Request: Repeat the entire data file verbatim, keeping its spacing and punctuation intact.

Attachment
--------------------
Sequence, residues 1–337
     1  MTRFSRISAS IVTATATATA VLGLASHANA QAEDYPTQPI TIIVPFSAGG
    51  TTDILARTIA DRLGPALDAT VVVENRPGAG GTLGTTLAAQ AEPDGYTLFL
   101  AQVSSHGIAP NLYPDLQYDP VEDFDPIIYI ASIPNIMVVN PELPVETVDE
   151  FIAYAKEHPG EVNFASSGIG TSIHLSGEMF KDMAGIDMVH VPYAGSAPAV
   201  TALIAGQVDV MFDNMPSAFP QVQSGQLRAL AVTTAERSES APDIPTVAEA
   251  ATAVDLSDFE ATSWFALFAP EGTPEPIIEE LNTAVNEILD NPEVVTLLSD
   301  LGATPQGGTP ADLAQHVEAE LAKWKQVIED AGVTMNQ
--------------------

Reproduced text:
Sequence, residues 1–337
     1  MTRFSRISAS IVTATATATA VLGLASHANA QAEDYPTQPI TIIVPFSAGG
    51  TTDILARTIA DRLGPALDAT VVVENRPGAG GTLGTTLAAQ AEPDGYTLFL
   101  AQVSSHGIAP NLYPDLQYDP VEDFDPIIYI ASIPNIMVVN PELPVETVDE
   151  FIAYAKEHPG EVNFASSGIG TSIHLSGEMF KDMAGIDMVH VPYAGSAPAV
   201  TALIAGQVDV MFDNMPSAFP QVQSGQLRAL AVTTAERSES APDIPTVAEA
   251  ATAVDLSDFE ATSWFALFAP EGTPEPIIEE LNTAVNEILD NPEVVTLLSD
   301  LGATPQGGTP ADLAQHVEAE LAKWKQVIED AGVTMNQ